A few weeks ago, I officially became a Baker. As in, my official title is now "Baker," rather than the somewhat long-winded and ambiguous "Bakery Team Member". And I have to tell you, it feels good. I don't think anyone at work besides my boss knows of the change, but there's a little more spring in my step (despite my shoes that desperately need replacing).
Aside from sometimes starting very early in the morning, the longer I do it, the more parallels I find with my old ballerina life, strangely enough. Baking is like ballet, you ask skeptically? Yep, and here's how:
- It's physical work. In ballet, it's pretty fine-tuned. You work for years to gain control over all your muscles (facial expressions included) so that when you're on stage, you are in charge, not your nerves or the weird lighting or the ill-fitting costume or the kids giggling in the 4th row when they see guys.wearing.tights. Baking is less about finesse and more about...ooomph. It's about hoisting a 60 quart mixing bowl filled with batter (with help). My fellow baker is a solid 10 inches (at least?) taller than me, so when he grabs the other side of the bowl he pretty much just stands up. I have to use my legs and my arms and sometimes even my well-developed releve to transfer that heavy bowl from the mixer to the table.
- It's the same but different every day. If you've ever taken a ballet class, or watched Center Stage, you know that every class follows the same basic pattern, starting at the barre and progressing to the center of the room, starting with small, gentle movements and graduating to the large, dramatic ones. The combinations change daily, but they're composed of the same basic steps. At the bakery, every day I peruse the shelves to see what we need and make my to-do list for the day. Inevitably, I need to make cookies, but it's always a slightly different combination of numbers and flavors. I usually need to complete one larger project, whether it be a batch of biscuits or thumbprint cookies or banana bread. Finally, I clean up and set up bread for the next day. The same but different.
- It takes more brainpower than you might think. "Dumb ballerina" is a stereotype barely rooted in reality. Dancers are some of the smartest people I know. It takes brains to remember choreography and changes and corrections. It takes brains to train your body and learn how to self-correct. Baking requires math skills, not only in terms of doubling or halving recipes, but also in changing between cups and ounces and pounds or figuring out how many loaves of garlic bread are selling or spoiling. Bakers also have to gauge the relative importance of baking pies before lemon bars or whether making the batter for coffee cake can wait until tomorrow. That's sometimes harder than it seems at first glance.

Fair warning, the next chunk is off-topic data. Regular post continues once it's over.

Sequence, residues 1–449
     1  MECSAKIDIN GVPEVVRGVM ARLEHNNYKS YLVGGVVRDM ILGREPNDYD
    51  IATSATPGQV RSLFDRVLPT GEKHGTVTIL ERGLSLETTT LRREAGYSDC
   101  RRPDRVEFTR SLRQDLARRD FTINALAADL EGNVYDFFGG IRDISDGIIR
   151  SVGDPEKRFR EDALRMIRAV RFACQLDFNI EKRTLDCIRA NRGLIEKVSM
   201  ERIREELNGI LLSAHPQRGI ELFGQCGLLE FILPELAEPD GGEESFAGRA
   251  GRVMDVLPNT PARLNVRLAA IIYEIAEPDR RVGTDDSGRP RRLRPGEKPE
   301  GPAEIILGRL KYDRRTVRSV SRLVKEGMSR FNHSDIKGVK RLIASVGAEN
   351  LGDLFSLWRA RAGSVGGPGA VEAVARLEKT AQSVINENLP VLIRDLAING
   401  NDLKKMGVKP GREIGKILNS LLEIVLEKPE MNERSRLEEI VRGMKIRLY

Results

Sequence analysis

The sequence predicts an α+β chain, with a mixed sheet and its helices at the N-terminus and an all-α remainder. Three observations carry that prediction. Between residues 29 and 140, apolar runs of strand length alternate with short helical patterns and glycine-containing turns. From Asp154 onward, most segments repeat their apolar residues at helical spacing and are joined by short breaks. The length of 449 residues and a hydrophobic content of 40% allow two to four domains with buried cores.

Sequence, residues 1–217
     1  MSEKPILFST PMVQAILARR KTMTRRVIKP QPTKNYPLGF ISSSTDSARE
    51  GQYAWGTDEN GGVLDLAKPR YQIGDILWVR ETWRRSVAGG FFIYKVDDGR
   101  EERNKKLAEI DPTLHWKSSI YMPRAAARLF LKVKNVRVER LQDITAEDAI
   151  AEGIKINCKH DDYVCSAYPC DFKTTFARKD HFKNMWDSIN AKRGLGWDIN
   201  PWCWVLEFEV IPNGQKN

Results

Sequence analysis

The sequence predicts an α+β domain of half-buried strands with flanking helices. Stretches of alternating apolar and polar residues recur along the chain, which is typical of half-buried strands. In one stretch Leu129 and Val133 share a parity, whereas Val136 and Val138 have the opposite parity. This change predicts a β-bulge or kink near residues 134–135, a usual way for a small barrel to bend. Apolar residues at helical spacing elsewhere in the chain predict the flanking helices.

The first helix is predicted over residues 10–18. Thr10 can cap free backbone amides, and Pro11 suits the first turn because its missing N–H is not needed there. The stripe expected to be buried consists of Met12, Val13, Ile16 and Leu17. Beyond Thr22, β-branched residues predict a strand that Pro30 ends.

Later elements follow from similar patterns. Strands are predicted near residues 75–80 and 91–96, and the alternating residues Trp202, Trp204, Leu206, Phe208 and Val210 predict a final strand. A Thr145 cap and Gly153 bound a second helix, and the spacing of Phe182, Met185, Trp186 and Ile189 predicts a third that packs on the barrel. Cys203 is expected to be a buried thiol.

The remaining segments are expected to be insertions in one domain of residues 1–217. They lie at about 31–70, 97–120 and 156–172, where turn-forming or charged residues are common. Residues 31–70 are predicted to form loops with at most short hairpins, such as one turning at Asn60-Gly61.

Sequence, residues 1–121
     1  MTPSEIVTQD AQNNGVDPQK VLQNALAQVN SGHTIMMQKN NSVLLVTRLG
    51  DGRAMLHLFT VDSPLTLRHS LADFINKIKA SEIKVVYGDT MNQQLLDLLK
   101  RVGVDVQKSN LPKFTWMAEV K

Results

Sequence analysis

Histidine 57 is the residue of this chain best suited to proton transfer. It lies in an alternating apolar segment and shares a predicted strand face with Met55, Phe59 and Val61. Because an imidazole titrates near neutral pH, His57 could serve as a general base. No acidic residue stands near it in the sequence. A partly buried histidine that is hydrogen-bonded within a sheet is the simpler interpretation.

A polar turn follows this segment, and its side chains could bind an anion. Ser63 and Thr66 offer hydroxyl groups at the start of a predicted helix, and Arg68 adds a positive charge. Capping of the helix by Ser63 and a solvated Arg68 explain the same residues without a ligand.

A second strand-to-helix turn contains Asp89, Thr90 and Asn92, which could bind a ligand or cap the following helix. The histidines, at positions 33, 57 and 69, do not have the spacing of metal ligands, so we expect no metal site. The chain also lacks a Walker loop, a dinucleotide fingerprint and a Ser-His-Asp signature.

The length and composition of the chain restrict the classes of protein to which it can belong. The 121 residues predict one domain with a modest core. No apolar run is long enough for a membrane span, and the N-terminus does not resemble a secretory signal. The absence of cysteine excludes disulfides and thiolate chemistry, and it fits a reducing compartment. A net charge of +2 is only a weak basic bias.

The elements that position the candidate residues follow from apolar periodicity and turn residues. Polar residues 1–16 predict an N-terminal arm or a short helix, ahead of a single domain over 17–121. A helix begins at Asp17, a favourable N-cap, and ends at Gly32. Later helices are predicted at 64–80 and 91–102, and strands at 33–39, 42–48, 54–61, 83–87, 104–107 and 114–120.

- It's an art. So, ballet as a performing art is a pretty obvious categorization. But baking as an art may not be as intuitive. Yes, it's a science: measured ingredients produce predictable results. But what about the days when your oven seems to burn muffins more quickly than others? Or you decide to make mini cookies instead of full sized ones? Or you're tweaking a recipe's ingredients? Making substitutions? Or the cinnamon buns got left out of the freezer all night? For all those instances, a little bit of finesse, finagling, guesswork, and, yes, art come into play. There's an art to deciding whether the pound cake is browning too quickly and whether or not to turn down the oven. There's an art in noticing when the top tray of chocolate cake cooks more quickly than the bottom tray. There's even an art to getting the raspberry jam into the thumbprint neatly. It's an art because not only do my goodies have to taste good, they have to look good too.
So there you have it. The parallels between ballet and baking. What unexpected parallels are you finding these days?